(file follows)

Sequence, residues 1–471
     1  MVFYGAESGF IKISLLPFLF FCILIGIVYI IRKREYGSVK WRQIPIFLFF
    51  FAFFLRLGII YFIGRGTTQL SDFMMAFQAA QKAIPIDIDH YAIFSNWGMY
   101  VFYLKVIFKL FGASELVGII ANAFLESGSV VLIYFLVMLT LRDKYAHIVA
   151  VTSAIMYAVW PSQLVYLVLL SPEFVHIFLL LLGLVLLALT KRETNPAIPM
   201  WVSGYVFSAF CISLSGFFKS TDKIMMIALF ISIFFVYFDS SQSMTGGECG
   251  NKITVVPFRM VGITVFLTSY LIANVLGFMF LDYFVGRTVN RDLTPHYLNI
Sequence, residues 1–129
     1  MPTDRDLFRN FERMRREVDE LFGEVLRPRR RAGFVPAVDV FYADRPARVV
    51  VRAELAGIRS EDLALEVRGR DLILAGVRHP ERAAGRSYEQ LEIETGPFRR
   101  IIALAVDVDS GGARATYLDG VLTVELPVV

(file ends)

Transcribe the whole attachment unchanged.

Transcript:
Sequence, residues 1–471
     1  MVFYGAESGF IKISLLPFLF FCILIGIVYI IRKREYGSVK WRQIPIFLFF
    51  FAFFLRLGII YFIGRGTTQL SDFMMAFQAA QKAIPIDIDH YAIFSNWGMY
   101  VFYLKVIFKL FGASELVGII ANAFLESGSV VLIYFLVMLT LRDKYAHIVA
   151  VTSAIMYAVW PSQLVYLVLL SPEFVHIFLL LLGLVLLALT KRETNPAIPM
   201  WVSGYVFSAF CISLSGFFKS TDKIMMIALF ISIFFVYFDS SQSMTGGECG
   251  NKITVVPFRM VGITVFLTSY LIANVLGFMF LDYFVGRTVN RDLTPHYLNI
Sequence, residues 1–129
     1  MPTDRDLFRN FERMRREVDE LFGEVLRPRR RAGFVPAVDV FYADRPARVV
    51  VRAELAGIRS EDLALEVRGR DLILAGVRHP ERAAGRSYEQ LEIETGPFRR
   101  IIALAVDVDS GGARATYLDG VLTVELPVV